Although the group also claims that it "is committed to the upholding of international law and human rights norms," it has proven otherwise by neglecting to recognise the previous chemical attacks which contain firmer evidence of Assad's involvement. The 2013 Ghouta attack, for example, was a prime example, with Human Rights Watch reporting that the sarin gas used made the regime the most likely culprit, as was the UN's conclusion about the 2017 Khan Sheikhun attack.
The Assad regime's countless other crimes against humanity and against the Syrian people have also been dismissed by the group: the torture, detention, forced disappearances, displacement of huge numbers of civilians, and the ongoing bombardment and destruction of areas which have not yet submitted to the regime.
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Though the regime and Russia may have won the propaganda war against the opposition and its supporters for now, the "independent" group of academics and other Assad apologists want to legitimise the crimes of the Syrian regime by sweeping them under the carpet. The regime and its allies are going to such lengths to cover their tracks that they are blaming previous attacks — and even future attacks — on the White Helmets, the volunteer civil defence organisation providing logistic and medical care to those affected by the war. Media in Russia and Syria accuse the organisation of staging the chemical attacks and planning new atrocities to provoke the world against Assad. Such claims by the "Axis of Resistance" countries and their media, however, have already been debunked comprehensively by a number of outlets and organisations.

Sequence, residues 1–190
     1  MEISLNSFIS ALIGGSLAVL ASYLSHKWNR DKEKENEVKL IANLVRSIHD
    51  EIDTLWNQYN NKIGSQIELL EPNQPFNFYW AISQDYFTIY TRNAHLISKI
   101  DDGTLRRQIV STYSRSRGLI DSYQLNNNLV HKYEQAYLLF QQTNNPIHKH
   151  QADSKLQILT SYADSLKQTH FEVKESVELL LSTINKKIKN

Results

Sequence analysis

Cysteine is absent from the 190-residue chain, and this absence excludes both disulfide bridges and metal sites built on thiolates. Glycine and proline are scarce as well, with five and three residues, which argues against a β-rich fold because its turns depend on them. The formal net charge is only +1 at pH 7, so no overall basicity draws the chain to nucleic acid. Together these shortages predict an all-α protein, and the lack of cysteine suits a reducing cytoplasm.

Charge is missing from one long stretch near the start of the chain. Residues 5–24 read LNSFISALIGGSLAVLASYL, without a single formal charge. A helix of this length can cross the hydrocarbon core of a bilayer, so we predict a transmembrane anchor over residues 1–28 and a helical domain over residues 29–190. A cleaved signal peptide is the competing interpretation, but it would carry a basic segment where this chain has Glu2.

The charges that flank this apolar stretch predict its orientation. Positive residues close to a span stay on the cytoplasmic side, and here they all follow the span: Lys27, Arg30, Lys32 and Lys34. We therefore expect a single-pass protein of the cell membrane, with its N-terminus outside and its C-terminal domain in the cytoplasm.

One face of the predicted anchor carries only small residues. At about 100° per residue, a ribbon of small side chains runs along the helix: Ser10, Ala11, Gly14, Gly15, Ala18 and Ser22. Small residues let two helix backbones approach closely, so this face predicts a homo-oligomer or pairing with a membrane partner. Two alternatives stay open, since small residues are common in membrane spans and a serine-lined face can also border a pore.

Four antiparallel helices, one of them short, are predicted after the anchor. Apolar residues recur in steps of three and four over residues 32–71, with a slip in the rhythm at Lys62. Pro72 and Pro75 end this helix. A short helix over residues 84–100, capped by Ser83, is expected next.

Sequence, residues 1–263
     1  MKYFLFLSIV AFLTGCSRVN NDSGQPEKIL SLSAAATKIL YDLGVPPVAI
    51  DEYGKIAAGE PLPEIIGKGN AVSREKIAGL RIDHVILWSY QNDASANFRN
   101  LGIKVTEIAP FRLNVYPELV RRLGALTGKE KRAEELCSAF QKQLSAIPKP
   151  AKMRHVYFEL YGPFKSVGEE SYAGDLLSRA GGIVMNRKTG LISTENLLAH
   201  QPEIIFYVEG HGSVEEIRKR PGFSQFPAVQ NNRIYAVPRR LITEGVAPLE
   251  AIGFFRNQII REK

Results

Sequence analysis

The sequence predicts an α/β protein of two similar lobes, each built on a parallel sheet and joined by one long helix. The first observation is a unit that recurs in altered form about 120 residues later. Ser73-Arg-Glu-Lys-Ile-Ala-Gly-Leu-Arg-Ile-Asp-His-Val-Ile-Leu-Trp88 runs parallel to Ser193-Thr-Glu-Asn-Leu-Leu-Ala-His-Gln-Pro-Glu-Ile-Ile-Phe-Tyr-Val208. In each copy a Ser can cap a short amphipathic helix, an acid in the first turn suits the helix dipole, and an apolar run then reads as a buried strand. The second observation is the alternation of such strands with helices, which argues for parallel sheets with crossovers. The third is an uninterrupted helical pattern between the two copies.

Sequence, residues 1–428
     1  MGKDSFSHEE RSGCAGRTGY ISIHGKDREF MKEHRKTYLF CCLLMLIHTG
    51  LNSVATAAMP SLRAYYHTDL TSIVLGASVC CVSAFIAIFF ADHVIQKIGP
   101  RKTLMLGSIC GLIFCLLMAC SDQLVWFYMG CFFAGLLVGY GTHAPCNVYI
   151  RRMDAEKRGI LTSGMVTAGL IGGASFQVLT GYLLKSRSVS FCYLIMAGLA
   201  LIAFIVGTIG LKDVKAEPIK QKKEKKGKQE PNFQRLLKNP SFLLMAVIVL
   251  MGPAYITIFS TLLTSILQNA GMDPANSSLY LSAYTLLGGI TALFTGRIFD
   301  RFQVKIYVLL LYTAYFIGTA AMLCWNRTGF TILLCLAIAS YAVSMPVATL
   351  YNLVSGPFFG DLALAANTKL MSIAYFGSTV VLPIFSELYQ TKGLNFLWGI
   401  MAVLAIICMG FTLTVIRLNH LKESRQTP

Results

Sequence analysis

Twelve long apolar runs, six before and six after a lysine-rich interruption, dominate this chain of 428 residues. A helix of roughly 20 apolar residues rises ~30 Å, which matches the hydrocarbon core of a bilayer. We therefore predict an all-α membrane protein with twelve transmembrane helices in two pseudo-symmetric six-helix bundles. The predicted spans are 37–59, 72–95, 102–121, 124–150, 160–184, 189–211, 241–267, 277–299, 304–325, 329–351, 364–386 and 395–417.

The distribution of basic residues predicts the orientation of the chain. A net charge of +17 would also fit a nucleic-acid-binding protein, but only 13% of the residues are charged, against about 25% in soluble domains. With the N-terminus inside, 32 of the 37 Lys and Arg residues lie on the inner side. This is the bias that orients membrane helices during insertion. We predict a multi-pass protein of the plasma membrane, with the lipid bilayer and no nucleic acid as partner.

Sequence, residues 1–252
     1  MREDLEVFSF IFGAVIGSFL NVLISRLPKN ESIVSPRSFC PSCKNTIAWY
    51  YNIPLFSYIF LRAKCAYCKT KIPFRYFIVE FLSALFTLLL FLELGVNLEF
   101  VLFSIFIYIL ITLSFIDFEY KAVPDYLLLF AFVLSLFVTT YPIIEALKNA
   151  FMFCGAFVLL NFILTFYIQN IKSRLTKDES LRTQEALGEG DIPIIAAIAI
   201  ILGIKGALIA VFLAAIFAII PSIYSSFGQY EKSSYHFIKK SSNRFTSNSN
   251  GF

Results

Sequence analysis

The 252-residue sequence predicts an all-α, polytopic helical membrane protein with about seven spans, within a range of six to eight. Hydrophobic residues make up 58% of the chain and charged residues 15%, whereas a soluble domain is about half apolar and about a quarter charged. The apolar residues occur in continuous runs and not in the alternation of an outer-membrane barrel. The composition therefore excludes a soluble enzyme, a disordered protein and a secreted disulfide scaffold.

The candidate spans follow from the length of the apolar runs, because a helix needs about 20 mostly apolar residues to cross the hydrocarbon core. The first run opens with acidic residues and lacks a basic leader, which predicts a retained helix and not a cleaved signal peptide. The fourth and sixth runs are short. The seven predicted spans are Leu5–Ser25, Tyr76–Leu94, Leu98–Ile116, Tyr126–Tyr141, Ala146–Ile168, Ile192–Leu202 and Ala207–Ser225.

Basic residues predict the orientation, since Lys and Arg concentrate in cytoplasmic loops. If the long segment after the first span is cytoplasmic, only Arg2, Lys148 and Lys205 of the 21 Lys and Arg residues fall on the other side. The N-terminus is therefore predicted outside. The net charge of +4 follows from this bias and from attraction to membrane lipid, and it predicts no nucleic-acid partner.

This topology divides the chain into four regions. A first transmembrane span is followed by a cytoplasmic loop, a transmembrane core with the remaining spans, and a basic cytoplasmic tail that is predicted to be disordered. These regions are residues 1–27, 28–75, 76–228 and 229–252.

In the ongoing controversy over the identity of those responsible for the Douma chemical weapons attack, and the Syrian-Russian victory concerning the legitimacy of the OPCW report, the Working Group of academics and others who have defended the Assad regime so vehemently with regard to this single incident seem to have overlooked the mountain of human rights violations and war crimes upon which the regime of the Syrian leader is built. Whether that is wilful neglect or simply incompetence on the part of the group remains to be seen.
Nevertheless, if there is some doubt about the identity of the Douma culprits, there is no doubt whatsoever about who is responsible for numerous other crimes against the people of Syria since 2011 and even earlier. Why is this fact being ignored by the Working Group on Syria, Propaganda and Media if its members are truly "independent"? One chemical weapons report should not whitewash a decade of Assad's crimes against his own citizens.
The views expressed in this article belong to the author and do not necessarily reflect the editorial policy of Middle East Monitor.